Album Review: Peace - In Love

on Monday, March 25, 2013
Peace - 'In Love' (UK Release: 25 March '13) // Words: Rajan Lakhani

Having heard Peace’s 'Delicious' EP, I was really looking forward to their debut album. It seemed the early hype was justified as follow-up single 'Wraith' also initially impressed with its spindly rhythms and exuberant chorus, leading me to consider them as one of the bands to watch in 2013. However, there was a nagging worry that the group’s songwriting was limited to facsimiles of other bands, in 'Wraith'’s case - early Foals. Unfortunately, this fear has been realised with 'In Love'.

I know I won’t be the only reviewer to say this but 'In Love' is not only derivative, but painfully so. They’re not the first band to borrow from other artists – Nirvana famously took their quiet/loud dynamic from Pixies - but too many of the songs on 'In Love' are slavishly in thrall to the groups they have influenced them, lacking any new twists. The song titles display a similar lack of imagination, such as 'Higher Than The Sun' and 'Lovesick', and even the band’s image feels like a carbon copy of early Manic Street Preachers.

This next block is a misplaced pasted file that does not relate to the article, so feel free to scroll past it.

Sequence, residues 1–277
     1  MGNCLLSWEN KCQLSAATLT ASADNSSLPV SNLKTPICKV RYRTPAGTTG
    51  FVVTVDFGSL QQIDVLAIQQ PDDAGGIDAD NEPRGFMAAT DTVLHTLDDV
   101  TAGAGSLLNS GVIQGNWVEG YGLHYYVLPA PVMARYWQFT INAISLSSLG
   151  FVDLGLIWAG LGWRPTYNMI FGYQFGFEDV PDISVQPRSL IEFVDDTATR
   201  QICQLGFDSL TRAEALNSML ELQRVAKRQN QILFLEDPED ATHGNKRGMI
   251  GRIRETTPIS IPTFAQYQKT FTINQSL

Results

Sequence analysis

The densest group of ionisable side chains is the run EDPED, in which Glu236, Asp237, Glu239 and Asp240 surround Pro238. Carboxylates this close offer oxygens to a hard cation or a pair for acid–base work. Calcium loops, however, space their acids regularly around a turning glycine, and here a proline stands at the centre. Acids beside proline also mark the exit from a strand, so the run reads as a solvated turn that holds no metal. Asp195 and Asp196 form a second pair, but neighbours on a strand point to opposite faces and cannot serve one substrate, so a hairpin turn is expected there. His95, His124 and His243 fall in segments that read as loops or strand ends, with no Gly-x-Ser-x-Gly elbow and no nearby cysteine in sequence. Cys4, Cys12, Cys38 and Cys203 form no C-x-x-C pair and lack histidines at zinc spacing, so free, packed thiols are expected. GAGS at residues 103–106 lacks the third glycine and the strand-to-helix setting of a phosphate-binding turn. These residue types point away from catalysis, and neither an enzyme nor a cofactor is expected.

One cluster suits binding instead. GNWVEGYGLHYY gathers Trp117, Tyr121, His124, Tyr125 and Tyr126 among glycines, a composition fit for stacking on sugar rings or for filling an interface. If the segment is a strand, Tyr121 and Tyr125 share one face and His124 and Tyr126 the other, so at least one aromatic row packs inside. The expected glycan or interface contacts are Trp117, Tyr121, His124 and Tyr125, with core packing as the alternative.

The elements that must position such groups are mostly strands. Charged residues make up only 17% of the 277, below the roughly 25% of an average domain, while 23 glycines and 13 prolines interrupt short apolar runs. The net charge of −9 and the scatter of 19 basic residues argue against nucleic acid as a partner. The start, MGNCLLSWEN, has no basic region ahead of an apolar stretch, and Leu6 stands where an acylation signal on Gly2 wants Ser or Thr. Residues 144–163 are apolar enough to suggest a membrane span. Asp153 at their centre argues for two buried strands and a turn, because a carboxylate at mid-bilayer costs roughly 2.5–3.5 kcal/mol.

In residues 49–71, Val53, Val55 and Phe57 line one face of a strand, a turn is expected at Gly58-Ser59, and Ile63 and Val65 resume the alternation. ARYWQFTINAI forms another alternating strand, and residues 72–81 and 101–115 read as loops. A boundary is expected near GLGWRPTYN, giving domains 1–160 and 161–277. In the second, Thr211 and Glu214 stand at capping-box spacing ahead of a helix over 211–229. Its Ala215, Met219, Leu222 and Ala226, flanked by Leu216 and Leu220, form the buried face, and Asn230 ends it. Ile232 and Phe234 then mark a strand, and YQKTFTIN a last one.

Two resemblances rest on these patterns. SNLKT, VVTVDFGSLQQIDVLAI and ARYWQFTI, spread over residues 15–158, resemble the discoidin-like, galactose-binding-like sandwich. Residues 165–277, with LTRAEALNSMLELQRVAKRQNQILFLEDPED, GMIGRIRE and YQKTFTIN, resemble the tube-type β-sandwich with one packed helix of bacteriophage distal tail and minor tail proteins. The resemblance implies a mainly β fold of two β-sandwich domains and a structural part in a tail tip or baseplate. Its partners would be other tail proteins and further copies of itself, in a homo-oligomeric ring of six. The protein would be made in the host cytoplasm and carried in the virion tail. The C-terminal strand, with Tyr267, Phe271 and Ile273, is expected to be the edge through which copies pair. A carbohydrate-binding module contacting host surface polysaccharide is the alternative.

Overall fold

Amid the mediocrity, there are a handful of decent songs. Both 'Follow Baby' and 'Toxic' have catchy refrains that will inevitably soundtrack many a student indie night, although both tracks become a little tiresome. Better are the final two tracks on the record - 'Sugarstone' and 'California Daze', which are both slow-burning tracks that builds into anthems and feature some impressive guitar work. The latter is the highlight of the record and the main reason I’d tipped them. It’s one of those tracks that has an instant familiarity with its classic melodies that lead you suspect it surely must be a cover?

In many ways, 'In Love' reminds me of Blur’s debut 'Leisure', which was also far too close for comfort to its influences, in particular the ‘Madchester’ scene, but there was enough in both records to suggest that they could one day outgrow their influences. Like Palma Violets, Peace’s knack for a sing-along chorus means they shouldn’t be dismissed yet and hopefully their career isn’t as short as the ‘Baggy’ era that most inspired them. But sadly, 'In Love' is yet another exhibit in a long line of British guitar bands that have failed to deliver on their early promise.


'In Love' is available to purchase from Find more info at

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